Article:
In what could be one of Twitter’s more significant changes since doubling the character count from 140 to 280 characters, the company is preparing to launch a new feature that would support direct publishing of long-form content on its platform. With Twitter Notes, as the upcoming feature is called, users will be able to create articles using rich formatting and uploaded media, which can then be tweeted and shared with followers upon publishing.
The feature is being tested with select users ahead of an upcoming public launch, we understand. (Twitter declined to comment but said it would share updates about the feature “soon.”)
If broadly adopted, Twitter Notes could potentially change how some people use the social media platform to share their more in-depth thoughts and ideas.
Today, it’s common for users to create numbered Twitter threads to connect a series of tweets together as a means of storytelling or when explaining any subject that stretches beyond Twitter’s supported character count. As a result of this user activity, Twitter officially embraced threads back in 2017 with the launch of a new Twitter composer screen that made multi-tweet posts – or tweetstorms as they’re also known – easier to create and publish. At the time, there were hundreds of thousands of threads posted daily, the company had said. That number has probably since grown.
But while Twitter threads encourage engagement as users click to expand the related tweets and replies, they can also be a bit unwieldy to peruse – particularly for longer content. That’s given rise to helpful bots, like Thread Reader App, which turn these tweetstorms into links where the thread’s individual posts are formatted like an article for readability’s sake. These days, you’ll often see users requesting the bot’s help in threads’ replies by tweeting out “@Threadreaderapp unroll.”
Beyond threads, users have also worked around Twitter’s character count restrictions by writing long-form content in the Notes app on their smartphone then posting a screenshot of their missive. This works to quickly get a message out to a large audience, but doesn’t benefit Twitter as the text in the screenshot isn’t searchable and hashtags aren’t clickable the way text posted natively to the platform would be.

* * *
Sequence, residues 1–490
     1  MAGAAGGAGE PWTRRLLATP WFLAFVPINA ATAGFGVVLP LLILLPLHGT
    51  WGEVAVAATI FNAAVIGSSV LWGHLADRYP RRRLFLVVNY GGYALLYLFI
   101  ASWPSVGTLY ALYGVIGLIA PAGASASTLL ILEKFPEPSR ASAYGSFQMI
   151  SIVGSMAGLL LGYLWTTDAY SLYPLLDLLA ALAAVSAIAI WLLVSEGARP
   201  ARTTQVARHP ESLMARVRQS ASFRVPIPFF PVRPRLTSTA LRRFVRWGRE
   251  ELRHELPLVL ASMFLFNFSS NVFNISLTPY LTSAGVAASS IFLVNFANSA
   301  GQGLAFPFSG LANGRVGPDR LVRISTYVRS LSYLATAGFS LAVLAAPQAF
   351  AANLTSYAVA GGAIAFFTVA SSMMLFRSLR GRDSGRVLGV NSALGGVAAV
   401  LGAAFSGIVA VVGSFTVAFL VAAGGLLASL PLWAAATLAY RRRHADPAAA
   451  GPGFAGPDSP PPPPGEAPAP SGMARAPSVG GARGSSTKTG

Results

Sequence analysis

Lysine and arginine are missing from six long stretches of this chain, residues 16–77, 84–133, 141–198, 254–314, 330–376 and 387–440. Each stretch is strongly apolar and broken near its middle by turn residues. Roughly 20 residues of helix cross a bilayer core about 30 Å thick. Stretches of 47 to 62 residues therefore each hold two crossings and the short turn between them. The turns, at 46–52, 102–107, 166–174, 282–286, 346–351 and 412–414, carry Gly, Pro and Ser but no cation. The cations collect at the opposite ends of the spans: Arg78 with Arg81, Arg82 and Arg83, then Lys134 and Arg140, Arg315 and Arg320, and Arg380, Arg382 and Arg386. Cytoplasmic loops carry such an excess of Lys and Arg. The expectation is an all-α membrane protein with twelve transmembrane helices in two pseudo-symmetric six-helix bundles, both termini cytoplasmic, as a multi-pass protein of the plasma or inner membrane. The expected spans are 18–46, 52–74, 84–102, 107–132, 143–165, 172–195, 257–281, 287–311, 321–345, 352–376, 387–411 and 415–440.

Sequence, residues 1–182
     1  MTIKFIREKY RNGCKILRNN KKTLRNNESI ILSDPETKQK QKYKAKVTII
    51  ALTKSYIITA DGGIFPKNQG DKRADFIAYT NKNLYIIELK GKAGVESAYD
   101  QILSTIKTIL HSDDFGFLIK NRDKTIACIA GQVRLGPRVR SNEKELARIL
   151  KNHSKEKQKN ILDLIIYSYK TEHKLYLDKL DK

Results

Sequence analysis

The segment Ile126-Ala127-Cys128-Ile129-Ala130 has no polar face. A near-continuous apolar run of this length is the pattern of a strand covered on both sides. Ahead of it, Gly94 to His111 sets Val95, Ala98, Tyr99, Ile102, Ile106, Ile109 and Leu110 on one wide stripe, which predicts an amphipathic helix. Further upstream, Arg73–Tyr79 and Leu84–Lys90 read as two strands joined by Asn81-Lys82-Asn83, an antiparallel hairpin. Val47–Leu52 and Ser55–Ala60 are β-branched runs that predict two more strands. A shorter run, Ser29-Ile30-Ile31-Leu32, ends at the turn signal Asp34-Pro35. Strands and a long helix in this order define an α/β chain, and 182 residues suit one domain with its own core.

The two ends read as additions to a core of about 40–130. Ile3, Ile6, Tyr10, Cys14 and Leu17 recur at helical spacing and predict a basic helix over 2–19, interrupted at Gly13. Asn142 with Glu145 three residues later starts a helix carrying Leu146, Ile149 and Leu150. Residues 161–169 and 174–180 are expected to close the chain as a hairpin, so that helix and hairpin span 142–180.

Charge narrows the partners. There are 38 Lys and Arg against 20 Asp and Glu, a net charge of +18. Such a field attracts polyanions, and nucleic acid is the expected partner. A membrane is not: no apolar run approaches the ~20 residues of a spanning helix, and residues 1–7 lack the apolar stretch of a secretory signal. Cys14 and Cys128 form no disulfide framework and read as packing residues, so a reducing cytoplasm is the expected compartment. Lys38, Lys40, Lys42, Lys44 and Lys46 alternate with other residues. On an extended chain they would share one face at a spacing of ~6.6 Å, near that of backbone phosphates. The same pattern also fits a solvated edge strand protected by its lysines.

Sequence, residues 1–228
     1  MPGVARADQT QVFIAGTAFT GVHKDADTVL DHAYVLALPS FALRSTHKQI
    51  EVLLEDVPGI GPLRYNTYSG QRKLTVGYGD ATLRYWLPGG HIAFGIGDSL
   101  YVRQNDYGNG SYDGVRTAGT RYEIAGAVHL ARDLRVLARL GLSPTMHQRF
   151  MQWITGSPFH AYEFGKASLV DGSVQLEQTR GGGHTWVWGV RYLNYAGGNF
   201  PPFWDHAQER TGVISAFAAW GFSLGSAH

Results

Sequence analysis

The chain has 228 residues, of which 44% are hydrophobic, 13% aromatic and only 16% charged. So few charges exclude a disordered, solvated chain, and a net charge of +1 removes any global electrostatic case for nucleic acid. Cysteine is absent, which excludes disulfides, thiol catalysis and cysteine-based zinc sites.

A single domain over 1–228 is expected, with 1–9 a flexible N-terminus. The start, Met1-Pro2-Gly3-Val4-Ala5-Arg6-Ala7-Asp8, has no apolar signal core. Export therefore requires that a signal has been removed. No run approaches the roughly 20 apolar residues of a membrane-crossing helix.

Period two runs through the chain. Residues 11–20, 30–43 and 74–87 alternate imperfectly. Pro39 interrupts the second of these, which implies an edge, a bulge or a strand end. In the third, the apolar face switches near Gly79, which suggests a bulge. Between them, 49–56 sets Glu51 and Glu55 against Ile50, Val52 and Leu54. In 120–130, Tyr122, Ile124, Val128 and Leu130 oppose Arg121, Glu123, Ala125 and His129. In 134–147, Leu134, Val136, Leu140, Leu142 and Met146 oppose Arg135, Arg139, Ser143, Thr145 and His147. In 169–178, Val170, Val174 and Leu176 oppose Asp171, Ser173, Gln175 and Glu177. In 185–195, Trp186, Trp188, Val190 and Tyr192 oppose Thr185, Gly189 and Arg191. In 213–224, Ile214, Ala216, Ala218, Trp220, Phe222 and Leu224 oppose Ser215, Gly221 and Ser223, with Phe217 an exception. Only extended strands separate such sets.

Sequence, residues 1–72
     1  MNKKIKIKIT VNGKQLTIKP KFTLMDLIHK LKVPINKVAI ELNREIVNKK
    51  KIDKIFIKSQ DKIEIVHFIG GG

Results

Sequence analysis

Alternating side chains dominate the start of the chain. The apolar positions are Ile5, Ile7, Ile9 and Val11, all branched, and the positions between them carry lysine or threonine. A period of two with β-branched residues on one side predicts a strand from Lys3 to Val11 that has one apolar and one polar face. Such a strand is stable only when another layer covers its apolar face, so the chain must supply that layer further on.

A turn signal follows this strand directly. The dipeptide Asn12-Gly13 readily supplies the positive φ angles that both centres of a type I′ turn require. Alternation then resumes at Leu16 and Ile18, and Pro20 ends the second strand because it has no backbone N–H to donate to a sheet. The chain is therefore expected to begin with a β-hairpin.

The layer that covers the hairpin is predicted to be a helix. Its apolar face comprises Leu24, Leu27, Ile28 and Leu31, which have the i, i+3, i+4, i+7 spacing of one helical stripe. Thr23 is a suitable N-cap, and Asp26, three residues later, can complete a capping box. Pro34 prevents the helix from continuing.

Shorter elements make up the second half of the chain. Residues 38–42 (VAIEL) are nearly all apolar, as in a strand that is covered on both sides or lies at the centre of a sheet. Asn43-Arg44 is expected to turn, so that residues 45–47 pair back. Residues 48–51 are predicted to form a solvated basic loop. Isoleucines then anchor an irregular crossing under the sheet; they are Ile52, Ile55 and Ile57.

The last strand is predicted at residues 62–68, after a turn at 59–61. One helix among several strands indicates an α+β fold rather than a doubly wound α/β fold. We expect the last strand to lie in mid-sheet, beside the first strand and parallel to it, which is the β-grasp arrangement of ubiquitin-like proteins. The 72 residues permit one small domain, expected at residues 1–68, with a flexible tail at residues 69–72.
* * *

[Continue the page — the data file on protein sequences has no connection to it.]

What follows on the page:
Twitter Notes could potentially offer an alternative to both problems by allowing users to instead write long-form articles directly on Twitter itself. This lets users share their thoughts, as before, while still being able to tap into the potential for viral distribution that comes with posting to the platform. Like tweets, the Notes would have their own link, and could be tweeted, retweeted, sent in DM’s, liked, and bookmarked.
The feature had been spotted in testing earlier this year by app researchers, including Jane Manchun Wong and others. Initially, Notes was being called “Twitter Article,” researchers found.
In images Wong posted in May, the feature offered formatting tools in a bar at the top of the screen similar to those you’d find in blogging software – like options to bold text, add italics or strikethrough, insert ordered lists, add links, change the style, insert media and embedded items, track word count, and more. Users could also add either 1 GIF, 1 video, or up to 4 photos to their article, as well as include embedded tweets either via URLs or their own bookmarks, the screenshots showed.
Wong noted there was also a “Focus Mode” that would expand the article to a full-screen view and hide Twitter’s sidebars. She said the feature looked fairly polished, which suggested it could be nearing launch.
In a related series images shared by app researcher Nima Owji this April, the feature was shown to support saving articles as drafts and an interface for accessing both drafts and published content.